# max_connections=500



# Reduced to 200 as memory will not be enough for 500 connections.



# memory=key_buffer+(sort_buffer_size+read_buffer_size)*max_connections



# which is now: 64 + (1 + 1) * 200 = 464 MB

 

 

Sorting VARCHAR data in mysql

Here’s a quick tip at sorting VARCHAR type data in mysql database with values in a column.

With the default sort, it would look something like below:

mysql> SELECT column FROM table_name ORDER BY column; 

column

======

100

1000

10000

200

2000

20000

Now with “… ORDER BY column+0”, I get it sorted right:

mysql> SELECT column FROM table_name ORDER BY column+0; 

column

======

100

200

1000

2000

10000

20000

This is a quick fix instead of sorting to CAST operator.

 

root login email alert on linux systems…

echo <<EOF >>~/.bash_profile



# Send email notification of root login



echo 'ALERT - Root Shell Access:' `who` | mail -s "Alert: Root Access from `who | awk '{print $6}'`" offsite@email.tld



EOF

You may also benefit from jailing your system if you have shell users.

 

Fried your Master Boot Record?

No worries! You are using GRUB (GRand Unified Bootloader) aren’t you?

You should atleast know where your “/boot” partition is installed.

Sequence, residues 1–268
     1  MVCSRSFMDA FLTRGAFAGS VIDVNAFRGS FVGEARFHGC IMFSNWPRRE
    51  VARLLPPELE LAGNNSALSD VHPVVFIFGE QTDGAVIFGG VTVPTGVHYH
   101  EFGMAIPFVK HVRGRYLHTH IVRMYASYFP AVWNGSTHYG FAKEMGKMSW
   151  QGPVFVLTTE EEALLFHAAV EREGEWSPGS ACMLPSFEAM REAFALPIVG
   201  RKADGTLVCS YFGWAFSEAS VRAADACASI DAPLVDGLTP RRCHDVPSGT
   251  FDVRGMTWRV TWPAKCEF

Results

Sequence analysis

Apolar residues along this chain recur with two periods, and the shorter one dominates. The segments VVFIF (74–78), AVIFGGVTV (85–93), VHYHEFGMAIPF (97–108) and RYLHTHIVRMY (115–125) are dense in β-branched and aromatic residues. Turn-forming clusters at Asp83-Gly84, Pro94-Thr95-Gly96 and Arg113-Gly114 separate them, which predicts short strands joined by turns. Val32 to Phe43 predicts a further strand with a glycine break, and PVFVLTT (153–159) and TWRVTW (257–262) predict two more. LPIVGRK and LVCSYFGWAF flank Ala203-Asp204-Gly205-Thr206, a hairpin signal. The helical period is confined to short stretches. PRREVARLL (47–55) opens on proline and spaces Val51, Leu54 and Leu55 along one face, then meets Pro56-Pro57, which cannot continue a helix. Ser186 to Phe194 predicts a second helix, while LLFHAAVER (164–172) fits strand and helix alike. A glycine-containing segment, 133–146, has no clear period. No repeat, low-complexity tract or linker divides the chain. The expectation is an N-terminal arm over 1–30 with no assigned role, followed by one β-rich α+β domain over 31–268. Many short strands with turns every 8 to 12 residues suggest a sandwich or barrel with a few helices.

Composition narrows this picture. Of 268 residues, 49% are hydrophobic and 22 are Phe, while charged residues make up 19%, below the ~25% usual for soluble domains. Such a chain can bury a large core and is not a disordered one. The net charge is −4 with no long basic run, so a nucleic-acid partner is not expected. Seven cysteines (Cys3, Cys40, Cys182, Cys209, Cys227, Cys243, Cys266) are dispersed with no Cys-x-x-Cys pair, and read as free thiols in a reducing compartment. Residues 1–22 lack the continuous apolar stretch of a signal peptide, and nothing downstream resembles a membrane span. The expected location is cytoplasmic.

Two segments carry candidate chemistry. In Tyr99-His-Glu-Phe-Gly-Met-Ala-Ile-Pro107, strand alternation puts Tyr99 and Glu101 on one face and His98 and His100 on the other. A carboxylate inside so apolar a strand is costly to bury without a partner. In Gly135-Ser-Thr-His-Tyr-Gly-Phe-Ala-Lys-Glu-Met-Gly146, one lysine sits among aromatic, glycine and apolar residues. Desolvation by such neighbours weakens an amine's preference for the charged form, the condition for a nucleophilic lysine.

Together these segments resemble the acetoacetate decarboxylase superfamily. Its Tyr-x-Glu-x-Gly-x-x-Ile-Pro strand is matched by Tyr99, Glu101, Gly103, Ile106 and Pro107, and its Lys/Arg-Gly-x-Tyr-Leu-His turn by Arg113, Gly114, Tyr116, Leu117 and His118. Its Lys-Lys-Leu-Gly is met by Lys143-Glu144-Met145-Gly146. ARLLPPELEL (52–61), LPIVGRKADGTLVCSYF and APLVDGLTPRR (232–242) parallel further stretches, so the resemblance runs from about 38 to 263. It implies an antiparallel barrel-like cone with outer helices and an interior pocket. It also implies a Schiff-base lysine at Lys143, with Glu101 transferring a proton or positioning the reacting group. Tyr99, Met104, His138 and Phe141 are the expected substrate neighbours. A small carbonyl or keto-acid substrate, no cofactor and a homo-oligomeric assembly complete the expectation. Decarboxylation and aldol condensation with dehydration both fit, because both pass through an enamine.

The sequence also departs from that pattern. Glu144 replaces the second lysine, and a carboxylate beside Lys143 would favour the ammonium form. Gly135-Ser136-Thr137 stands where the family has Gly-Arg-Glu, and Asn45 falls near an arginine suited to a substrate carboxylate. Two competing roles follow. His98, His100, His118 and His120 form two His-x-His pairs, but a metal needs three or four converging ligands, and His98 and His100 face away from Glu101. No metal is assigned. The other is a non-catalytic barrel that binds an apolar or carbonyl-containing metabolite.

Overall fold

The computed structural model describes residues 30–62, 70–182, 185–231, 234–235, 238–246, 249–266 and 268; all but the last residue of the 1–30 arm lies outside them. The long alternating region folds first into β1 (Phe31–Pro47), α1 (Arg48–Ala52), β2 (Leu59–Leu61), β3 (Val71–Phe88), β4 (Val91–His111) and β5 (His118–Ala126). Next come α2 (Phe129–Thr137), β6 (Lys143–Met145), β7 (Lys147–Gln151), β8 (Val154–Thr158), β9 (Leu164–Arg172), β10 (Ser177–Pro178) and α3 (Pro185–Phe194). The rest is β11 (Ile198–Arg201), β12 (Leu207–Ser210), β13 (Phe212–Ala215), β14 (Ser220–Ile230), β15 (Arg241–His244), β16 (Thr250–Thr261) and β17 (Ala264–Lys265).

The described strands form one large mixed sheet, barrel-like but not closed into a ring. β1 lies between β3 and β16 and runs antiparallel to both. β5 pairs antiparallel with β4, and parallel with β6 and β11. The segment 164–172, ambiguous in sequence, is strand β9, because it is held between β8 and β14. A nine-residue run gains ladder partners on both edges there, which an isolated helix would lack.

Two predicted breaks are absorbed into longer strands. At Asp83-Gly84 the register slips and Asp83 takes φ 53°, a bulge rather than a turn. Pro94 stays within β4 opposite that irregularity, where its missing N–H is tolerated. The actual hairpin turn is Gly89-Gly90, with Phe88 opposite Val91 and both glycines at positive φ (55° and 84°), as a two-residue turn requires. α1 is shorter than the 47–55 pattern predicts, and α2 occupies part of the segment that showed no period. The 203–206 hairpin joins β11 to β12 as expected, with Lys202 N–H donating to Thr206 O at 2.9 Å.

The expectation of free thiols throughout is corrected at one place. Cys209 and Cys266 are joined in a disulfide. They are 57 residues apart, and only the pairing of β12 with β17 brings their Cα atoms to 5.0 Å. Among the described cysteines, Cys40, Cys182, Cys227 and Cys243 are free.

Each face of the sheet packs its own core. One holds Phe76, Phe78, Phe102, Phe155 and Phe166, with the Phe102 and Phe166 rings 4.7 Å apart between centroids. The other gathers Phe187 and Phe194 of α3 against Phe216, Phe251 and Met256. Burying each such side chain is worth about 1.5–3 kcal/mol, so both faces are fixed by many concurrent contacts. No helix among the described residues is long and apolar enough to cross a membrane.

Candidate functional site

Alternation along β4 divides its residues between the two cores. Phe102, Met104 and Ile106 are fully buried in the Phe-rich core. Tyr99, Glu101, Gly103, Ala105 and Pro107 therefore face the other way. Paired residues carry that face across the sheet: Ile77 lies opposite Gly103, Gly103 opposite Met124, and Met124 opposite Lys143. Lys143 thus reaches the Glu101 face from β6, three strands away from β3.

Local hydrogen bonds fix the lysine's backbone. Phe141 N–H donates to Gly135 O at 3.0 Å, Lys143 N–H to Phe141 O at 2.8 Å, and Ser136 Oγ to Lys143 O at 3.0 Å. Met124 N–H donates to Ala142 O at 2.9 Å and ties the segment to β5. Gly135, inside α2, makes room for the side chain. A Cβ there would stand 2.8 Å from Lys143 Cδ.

1. Here is my drive setup and “/boot” is setup in “hda3”.
2.           # df -h



3.           Filesystem            Size  Used Avail Use% Mounted on



4.           /dev/mapper/VolGroup00-LogVol00



5.                                  18G  4.3G   13G  26% /



6.           /dev/hda3              99M   19M   76M  20% /boot



7.           none                  506M     0  506M   0% /dev/shm
8.           # fdisk -l

9.           Disk /dev/hda: 60.0 GB, 60011642880 bytes

10.       255 heads, 63 sectors/track, 7296 cylinders

Units = cylinders of 16065 * 512 = 8225280 bytes

 

   Device Boot      Start         End      Blocks   Id  System

/dev/hda1               1        1044     8385898+   7  HPFS/NTFS

/dev/hda2            1045        4699    29358787+  83  Linux

/dev/hda3            4700        4712      104422+  83  Linux

/dev/hda4            4713        7296    20755980    5  Extended

/dev/hda5            4713        7296    20755948+  8e  Linux LVM

  1. Boot up your handy knoppix and run the below commands [ notes ].
12.       # su -                    [ root shell ]



13.       # grub                    [ grub shell ]



14.       grub> root (hd0,2)        [ specify where /boot partition resides ]



15.                                 [ 3rd primary partition of the 1st HDD ]



16.                                 [ hint: start count from 0 ]



17.       grub> setup (hd0)         [ install grub in MBR ]



18.       grub> quit                [ exit the grub shell ]



19.       # shutdown -r now
  1. Here’s a one line that will do the same automatically.
21.       # grub-install hd0

You should now have a shiny new MBR.

 

One comment

  1. Thanks for MySQL optimization tip.

    You may also try servermonkeys software